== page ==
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Ancient Sea Jelly Shakes Evolutionary Tree of Animals

Fossil suggests evolutionary order requires revision



Feng Tang

A 580-million-year-old fossil is casting doubt on the established tree of animal life. The invertebrate, named Eoandromeda octobrachiata because its body plan resembles the spiral galaxy Andromeda, suggests that the earliest branches in the tree need to be reordered, say the authors of study in Evolution and Development .

The researchers, led by paleontologist Feng Tang of the Chinese Academy of Geological Sciences in Beijing, believe that Eoandromeda is the ancient ancestor of modern ocean dwellers known as comb jellies — gelatinous creatures similar to jellyfish, but rounder and with eight rows of iridescent paddles along their sides. If they are right, it would be the oldest known fossil of a comb jelly. And that would support a rewrite of the animal tree.

Comb jellies sit alongside two other major groups near the base of the tree, but their relative positions remain contentious. Normally, sponges are identified as the first to evolve, followed by the cnidaria — jellyfish, sea anemones and their kin — and then by the comb jellies.

" Eoandromeda puts a little piece of weight in favour of a more basal position for comb jellies," says Stefan Bengtson, a palaeontologist at the Swedish Museum of Natural History and a co-author on the paper.

Family squabbles
That evidence comes from the fossil's shape: it has octoradial symmetry, meaning its body can be sliced into eight identical pieces. This is in stark contrast to modern comb jellies, which, like humans, flies and sea anemones, have biradial or bilateral symmetry — their body plan can be sliced into only two identical pieces.

If Eoandromeda appeared after the cnidarians, the authors argue, bilateral symmetry would have to have evolved twice — once for the cnidarians and again for the bilateral organisms that came after Eoandromeda . Far simpler is the idea that Eoandromeda evolved first (see 'Simplest solution'). "This model of animal relationships calls for the least number of origins of bilateral symmetry," says Bengtson.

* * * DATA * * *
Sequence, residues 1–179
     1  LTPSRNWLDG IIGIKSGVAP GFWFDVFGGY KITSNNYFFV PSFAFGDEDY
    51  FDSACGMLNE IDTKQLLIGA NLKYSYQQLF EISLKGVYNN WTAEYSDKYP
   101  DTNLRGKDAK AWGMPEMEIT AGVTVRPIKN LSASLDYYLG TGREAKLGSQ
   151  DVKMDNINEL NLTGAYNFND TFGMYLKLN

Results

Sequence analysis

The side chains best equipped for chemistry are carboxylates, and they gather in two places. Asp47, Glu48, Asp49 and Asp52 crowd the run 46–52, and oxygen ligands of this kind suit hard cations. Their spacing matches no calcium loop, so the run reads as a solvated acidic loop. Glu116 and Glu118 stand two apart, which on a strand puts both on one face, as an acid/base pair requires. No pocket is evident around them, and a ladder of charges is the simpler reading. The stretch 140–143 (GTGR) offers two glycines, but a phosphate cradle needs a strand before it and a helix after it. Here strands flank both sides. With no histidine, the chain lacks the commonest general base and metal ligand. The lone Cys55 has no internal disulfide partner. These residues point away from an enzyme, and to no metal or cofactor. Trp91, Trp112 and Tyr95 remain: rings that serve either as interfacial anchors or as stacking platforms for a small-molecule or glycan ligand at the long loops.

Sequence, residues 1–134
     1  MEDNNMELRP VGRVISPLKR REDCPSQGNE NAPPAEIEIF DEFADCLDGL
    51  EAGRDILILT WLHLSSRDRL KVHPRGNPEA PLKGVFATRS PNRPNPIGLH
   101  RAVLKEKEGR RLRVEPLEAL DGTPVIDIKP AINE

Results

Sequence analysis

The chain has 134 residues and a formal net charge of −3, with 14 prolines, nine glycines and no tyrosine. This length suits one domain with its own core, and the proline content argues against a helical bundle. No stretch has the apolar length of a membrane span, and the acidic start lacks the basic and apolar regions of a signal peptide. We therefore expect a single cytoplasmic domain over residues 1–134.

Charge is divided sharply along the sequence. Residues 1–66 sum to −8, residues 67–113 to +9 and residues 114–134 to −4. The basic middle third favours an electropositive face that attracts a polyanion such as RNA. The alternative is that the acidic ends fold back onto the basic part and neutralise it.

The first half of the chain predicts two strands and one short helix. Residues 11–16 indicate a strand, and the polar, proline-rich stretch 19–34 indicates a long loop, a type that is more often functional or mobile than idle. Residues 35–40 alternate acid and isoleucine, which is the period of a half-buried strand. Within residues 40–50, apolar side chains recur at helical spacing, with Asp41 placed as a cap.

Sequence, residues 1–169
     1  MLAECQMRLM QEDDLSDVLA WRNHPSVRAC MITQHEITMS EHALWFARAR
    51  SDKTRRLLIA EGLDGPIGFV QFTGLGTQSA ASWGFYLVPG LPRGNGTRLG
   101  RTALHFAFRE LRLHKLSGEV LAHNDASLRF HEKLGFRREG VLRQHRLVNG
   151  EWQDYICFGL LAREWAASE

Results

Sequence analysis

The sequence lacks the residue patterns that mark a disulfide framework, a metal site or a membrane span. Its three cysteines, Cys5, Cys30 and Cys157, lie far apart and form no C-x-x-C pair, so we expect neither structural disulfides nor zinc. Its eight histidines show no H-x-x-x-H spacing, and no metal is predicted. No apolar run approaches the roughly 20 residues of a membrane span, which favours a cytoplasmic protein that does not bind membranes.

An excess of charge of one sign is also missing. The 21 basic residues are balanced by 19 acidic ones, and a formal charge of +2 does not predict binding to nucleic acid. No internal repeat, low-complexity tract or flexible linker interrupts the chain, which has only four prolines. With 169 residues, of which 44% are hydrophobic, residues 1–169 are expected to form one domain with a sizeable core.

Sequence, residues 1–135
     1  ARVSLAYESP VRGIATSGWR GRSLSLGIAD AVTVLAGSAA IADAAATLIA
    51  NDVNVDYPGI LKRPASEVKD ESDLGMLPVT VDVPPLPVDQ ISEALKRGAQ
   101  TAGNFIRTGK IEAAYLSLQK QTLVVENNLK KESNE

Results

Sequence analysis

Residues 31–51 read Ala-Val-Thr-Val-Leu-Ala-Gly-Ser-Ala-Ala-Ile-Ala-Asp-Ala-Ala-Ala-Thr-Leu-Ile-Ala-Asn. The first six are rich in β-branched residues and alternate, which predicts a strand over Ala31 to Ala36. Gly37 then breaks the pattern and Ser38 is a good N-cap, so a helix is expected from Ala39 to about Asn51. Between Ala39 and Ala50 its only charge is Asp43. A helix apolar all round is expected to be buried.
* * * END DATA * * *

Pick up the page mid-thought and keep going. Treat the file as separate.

The proposal is in tune with DNA studies that place comb jellies closer to the root of the evolutionary tree. "It's great to have concordance between what these guys see in the fossil record and what's coming out of the genome," says Andy Baxevanis, a genomicist at the National Human Genome Research Institute in Bethesda, Maryland. His team recently sequenced the genome of the comb jelly Mnemiopsis leidyi , and is now comparing it to sequences from sponges, cnidarians, worms and other animals to sort out which lineages came first. So far, he says, the results suggest that sponges and comb jellies appeared before cnidarians.

The matter is far from settled, however. Some scientists even doubt that the fossil is in fact that of a comb jelly. The eight spiral arms are reminiscent of the eight iridescent rows, or combs, along the sides of modern comb jellies, but the fossil lacks some key characteristics of modern comb jellies, such as tentacles and a mouth. Differences between living animals and ancient fossils are expected, but the differences also allow for debate.

A galaxy of possibilities
" Eoandromeda fossils are excellent and very important, but the trouble is that the interpretation reflects the ideology of the person giving it," says Dolph Seilacher, a retired palaeontologist at the University of Tübingen in Germany who studies fossils from Eoandromeda 's time.

In the 1980s, Seilacher argued that many of the bizarre fossils from this period were abnormally large, single-celled, amoeba-like organisms in a kingdom he named Vendobionta. Until the vendobionts went extinct, he argues, multicellular animals "lived in the shadow of these unicellular giants". To Seilacher, the golf-ball-sized Eoandromeda looks like one of these giants.

Bengtson says he can't prove the fossil is a comb jelly, but its comb-like arms indicate that it is one. "The only reason to suggest they are vendobionts," he says, "is that they happen to be of that age."

Claus Nielsen, a retired evolutionary biologist at the Natural History Museum of Denmark in Copenhagen, doesn't think Eoandromeda represents comb jellies either. "I can't visualize it swimming at all," he says, noting the ancient fossil's spiraled arms. "I would say it's a beautiful and very exciting fossil, but what the heck?"

This article is reproduced with permission from the magazine Nature. The article was first published on September 7, 2011.

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